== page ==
Readability of patient education materials can be assessed readily using the FK grade formula, with a relatively simple set of keystroke instructions and software available on most personal computers. The FK grade formula originally was developed for the US military in the early 1970s . Since then, this instrument has been extensively validated and researched [14, 21, 31]. The advent of computers and software capable of automating the calculation has made the formula relatively simple, quick, and intuitive [14, 21, 31] and within the reach of almost every healthcare worker. As established in our study, the FK grade formula has very high interobserver reliability. Our findings support the hypothesis that the readability of patient education materials in the AAOS patient education database would be higher than the recommended level. In addition, we found the readability scores of the text did not improve with time. These findings may reflect the lack of awareness regarding the concept of readability in the orthopaedic community. Moreover, in a recent study , despite using a smaller and distinct set of online patient education materials dealing exclusively with pediatric orthopaedic conditions, we arrived at a similar conclusion with only 2% of the articles having readability scores of the sixth grade level or less. The method used in that study  also was different, in that the entire text was subject to the FK formula as opposed to assessing the readability score based on the longest three paragraphs, as in the current study.
In addition to the FK grade level available on the Microsoft® Office software, there are other software packages, such as Corel® WordPerfect® Office X3 (Corel Corp, Ottawa, Ontario, Canada), Readability Calculations (Micro Power and Light Co, Dallas, TX), Readability Studio 1.1 (Oleander Solutions, Vandalia, OH), and InText (Social Science Consulting, Rudolstadt, Germany) , that have readability assessment tools. However, we believe the readability score of a given text should not be the sole criterion to develop patient education materials. The “Living word vocabulary” contains approximately 43,000 words arranged in various grade levels of complexity and can be used to substitute difficult words [15, 31]. To allow improved comprehension by a larger segment of the society, simpler words can replace complex medical jargon. A list of lay terms that can be used instead of medical terms can be found at the following Web sites: http://uuhsc.utah.edu/pated/authors/substitute2.html and http://plainlanguage.gov/howto/wordsuggestions/index.cfm . Detailed instructions on making more comprehensible patient education literature are available through the American Medical Association .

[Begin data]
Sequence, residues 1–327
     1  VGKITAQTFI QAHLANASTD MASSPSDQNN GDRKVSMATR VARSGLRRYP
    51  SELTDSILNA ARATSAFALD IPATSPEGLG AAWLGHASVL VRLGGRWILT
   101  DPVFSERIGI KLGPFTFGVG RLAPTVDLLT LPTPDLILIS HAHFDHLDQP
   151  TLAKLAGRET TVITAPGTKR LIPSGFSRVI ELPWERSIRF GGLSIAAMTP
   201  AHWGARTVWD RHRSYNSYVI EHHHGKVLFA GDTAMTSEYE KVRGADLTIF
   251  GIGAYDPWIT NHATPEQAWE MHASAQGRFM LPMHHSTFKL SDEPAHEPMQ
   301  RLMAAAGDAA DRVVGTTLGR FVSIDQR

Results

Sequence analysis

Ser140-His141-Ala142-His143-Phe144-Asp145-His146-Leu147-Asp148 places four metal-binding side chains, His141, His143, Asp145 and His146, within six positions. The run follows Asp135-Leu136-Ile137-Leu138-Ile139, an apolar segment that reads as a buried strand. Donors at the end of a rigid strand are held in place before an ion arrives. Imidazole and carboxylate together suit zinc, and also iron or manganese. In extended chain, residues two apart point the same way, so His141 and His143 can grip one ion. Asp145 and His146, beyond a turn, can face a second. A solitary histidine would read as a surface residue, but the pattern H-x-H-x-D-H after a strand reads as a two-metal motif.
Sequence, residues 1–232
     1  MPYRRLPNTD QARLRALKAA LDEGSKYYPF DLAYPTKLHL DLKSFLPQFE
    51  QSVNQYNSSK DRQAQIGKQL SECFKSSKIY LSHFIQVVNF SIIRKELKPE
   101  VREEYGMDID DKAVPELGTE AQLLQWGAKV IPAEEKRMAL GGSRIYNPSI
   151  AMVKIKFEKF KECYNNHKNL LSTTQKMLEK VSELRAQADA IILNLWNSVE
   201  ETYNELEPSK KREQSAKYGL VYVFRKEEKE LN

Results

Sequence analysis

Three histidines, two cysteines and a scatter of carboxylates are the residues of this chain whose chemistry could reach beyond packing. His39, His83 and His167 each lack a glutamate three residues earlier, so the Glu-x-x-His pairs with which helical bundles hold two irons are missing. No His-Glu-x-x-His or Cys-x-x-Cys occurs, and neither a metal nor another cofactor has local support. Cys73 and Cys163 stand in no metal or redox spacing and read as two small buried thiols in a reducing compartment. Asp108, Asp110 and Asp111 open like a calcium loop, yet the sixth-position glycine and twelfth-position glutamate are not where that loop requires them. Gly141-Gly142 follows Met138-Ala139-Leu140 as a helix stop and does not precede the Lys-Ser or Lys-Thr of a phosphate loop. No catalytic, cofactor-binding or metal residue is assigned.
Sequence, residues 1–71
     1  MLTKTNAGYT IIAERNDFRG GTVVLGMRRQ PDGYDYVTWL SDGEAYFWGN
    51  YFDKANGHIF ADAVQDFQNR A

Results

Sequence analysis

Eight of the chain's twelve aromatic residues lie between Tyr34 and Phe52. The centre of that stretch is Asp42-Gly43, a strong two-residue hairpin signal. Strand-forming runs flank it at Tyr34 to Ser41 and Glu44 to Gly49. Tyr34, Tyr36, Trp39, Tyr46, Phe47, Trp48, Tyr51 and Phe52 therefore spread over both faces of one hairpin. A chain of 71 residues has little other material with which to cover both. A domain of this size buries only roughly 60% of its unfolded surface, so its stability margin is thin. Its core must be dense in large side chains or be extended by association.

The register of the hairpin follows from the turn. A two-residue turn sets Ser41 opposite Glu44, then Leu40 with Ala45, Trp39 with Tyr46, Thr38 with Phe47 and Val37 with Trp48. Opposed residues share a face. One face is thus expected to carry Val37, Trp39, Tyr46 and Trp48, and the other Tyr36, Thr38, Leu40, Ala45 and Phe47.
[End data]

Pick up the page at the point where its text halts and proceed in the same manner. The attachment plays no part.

Ensuring patients receive education materials they can understand is the responsibility of physicians, professional organizations, and healthcare institutions . Our findings suggest a substantial portion of the patient education articles available at the patient education library of the AAOS Web site have readability scores that are higher than the sixth-grade level. These findings suggest the online material presented may be too difficult for comprehension by a substantial portion of the patient population. To enhance the patient-physician dialogue, orthopaedic educators should attempt to keep the readability level of the patient education materials at a FK grade level of sixth grade or lower. Such measures will help accomplish the goal of the AAOS Web site of “improving the communication between orthopaedic surgeons and their patients”  and positively influence the health outcome of our patients.
We acknowledge the contributions of Caixia Zhao, MD, and Emily McClemens, PA-C, in preparation of this manuscript.